Snowflake Feature Applicability At a Glance
Preparing for the Snowflake SnowPro Advanced: Architect Certification can be challenging. You need to have a deep understanding of the core concepts as well as specific feature capabilities. Snowflake’s excellent documentation provides detailed information. However, it is difficult to determine feature applicability at a high level. In this blog post, I will share a matrix that can help you do that for some of the main features.
I recently took the Snowflake SnowPro Advanced: Architect certification exam. Preparing for it was demanding; I went through the exam guide, and the main sections of the documentation, did tons of practical exercises and even did some practice tests. The main resource is the documentation, which contains everything you need to know to pass the exam. However, it is very detailed, and it is hard to make a “summary picture” in your head. For this reason, I prepared the matrix below to help me remember the applicability of some of the main features.
A red cross means that the feature is not supported for that object, while a red circle means that the feature is supported. In addition, a red circle in a yellow box means that the feature is currently in preview. Finally, an empty box means that the feature doesn’t apply to that type of object.
There are many constraints for each feature, so you will still need to read the fine print in the documentation. Below you can find some additional notes, as well as links to the sections in the documentation:
Streams on views are currently in preview. You need to enable change tracking on the underlying tables, also, be aware that some restrictions apply to the supported SQL.
In the matrix above, “Internal” in the “Stages” section refers to internally named stages. Since internally named stages cannot be cloned, any pipe that references them cannot be cloned.
If you are trying to replicate a database that contains an external table, you will get an error message. Therefore, the workaround is to move the external table to a separate database that will not be replicated.
It is not possible to apply search optimization directly on standard views, but you can apply it on the underlying tables. As a result, you could indirectly improve their performance.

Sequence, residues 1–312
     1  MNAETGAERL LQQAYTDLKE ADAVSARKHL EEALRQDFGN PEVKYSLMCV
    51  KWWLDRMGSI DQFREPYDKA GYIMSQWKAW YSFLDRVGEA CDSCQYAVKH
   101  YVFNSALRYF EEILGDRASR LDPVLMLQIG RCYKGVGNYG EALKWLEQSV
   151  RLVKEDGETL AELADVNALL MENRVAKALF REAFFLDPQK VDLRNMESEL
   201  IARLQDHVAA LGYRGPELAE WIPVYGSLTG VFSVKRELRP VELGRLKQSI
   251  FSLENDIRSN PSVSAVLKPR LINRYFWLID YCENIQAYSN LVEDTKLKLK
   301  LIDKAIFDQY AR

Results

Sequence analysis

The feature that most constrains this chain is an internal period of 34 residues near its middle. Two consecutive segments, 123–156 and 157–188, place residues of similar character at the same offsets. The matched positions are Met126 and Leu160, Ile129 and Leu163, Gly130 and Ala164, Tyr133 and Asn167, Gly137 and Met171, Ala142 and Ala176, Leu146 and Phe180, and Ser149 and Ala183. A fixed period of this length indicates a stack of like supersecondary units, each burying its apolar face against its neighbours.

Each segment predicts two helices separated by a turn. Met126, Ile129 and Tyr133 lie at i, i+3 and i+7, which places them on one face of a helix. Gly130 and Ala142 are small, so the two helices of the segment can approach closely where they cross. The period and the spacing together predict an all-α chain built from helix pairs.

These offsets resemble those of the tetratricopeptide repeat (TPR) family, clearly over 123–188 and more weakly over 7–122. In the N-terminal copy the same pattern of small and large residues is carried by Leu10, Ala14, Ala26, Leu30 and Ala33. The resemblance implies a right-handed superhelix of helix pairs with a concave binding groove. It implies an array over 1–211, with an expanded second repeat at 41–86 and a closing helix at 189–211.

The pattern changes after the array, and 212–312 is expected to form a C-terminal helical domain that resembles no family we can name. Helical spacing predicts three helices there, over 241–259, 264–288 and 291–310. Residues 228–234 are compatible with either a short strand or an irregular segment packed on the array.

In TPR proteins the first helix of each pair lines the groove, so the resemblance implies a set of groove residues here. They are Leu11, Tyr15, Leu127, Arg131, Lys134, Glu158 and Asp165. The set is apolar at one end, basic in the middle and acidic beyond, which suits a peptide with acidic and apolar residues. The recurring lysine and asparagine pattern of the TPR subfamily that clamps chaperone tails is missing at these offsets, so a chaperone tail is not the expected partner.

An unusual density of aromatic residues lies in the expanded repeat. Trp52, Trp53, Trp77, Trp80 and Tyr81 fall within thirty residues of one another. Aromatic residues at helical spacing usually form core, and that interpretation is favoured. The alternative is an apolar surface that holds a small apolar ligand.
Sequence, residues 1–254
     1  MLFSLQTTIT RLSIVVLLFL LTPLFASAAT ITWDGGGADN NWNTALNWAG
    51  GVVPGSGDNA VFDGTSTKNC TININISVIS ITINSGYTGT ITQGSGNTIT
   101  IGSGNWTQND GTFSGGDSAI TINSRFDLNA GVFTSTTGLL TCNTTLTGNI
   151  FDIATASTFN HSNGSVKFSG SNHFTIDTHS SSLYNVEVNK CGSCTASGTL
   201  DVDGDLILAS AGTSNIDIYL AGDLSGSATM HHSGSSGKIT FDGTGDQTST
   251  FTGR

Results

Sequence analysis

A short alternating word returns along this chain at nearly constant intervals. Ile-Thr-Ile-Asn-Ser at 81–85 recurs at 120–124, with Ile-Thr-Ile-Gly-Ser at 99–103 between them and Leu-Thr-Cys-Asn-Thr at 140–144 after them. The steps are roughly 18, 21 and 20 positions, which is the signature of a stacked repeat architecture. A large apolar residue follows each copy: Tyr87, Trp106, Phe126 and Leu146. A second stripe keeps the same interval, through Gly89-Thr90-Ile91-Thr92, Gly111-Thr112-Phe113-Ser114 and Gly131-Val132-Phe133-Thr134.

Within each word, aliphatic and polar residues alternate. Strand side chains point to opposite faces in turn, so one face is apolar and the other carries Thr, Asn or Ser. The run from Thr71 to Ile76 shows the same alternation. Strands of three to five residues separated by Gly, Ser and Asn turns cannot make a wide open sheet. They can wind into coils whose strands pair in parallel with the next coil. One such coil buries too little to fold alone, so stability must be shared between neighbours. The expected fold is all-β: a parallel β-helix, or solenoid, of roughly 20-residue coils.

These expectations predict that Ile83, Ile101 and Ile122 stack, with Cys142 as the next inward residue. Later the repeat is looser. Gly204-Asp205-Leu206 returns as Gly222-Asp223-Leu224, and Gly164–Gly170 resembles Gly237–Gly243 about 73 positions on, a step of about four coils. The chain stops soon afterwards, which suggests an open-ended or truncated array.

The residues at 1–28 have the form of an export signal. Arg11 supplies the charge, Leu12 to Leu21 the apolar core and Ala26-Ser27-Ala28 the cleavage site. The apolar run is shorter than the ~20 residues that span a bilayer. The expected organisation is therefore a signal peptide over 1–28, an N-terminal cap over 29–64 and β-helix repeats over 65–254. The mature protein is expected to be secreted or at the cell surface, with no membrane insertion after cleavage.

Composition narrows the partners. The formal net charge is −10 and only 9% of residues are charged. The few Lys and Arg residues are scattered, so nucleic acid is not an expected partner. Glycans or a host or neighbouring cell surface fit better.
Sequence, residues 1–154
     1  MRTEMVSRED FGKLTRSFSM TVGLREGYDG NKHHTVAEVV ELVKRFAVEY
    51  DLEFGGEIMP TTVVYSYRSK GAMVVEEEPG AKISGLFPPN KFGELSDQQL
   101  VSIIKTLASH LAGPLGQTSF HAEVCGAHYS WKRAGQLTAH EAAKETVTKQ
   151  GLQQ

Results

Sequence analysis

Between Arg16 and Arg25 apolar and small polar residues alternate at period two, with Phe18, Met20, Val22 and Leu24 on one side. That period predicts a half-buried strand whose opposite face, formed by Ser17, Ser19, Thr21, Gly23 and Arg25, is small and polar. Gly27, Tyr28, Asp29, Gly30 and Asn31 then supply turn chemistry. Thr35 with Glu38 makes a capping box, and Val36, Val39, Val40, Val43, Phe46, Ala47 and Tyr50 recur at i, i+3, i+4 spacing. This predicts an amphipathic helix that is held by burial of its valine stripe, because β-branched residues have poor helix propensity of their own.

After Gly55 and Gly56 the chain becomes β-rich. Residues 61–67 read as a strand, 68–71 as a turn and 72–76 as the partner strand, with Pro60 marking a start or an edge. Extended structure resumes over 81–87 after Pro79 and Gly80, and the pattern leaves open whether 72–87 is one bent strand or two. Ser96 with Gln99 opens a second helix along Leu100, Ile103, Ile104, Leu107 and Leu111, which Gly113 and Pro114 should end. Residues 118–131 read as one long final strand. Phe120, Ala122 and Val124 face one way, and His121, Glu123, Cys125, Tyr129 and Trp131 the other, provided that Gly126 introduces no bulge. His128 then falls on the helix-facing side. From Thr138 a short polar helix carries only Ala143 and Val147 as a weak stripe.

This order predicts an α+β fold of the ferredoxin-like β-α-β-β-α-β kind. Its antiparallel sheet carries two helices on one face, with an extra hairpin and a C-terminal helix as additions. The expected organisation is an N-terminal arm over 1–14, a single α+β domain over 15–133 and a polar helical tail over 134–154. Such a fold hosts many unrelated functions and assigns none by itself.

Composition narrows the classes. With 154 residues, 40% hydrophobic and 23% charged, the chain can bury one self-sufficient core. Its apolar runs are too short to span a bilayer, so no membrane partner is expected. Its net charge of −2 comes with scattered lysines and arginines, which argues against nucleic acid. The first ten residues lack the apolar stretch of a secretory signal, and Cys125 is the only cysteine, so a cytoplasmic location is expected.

The feature is easy to understand and use, but take a good look at the limitations and considerations sections. Many constraints apply to specific situations.
Similar situation to the row access policies feature. Consequently, take a good look at the limitations and considerations sections to understand the constraints.
This feature attaches tags to columns in your tables and views based on the results of the analysis it performs. Henceforth, look at the documentation for tag-based masking policies to understand the constraints.
In the matrix above, “Secure” in the “Views” section includes both standard and materialized views. Remember that shared objects are read-only and cannot be cloned or re-shared. However, consumers can create streams on them to detect changes.
Use it only on large tables (1TB +) where you require the fastest possible response times, regardless of cost. Or when your improved query performance offsets the credits required to cluster and maintain the table.
Snowflake is truly amazing, and it offers many features not available in other products in the market. However, you need a good understanding of the platform to architect solutions that apply best practices and provide the best performance.
Oh, by the way, if you are wondering if I passed the exam, I’m happy to share that I did.
Thanks for reading. Feel free to drop any questions or share your thoughts in the comments.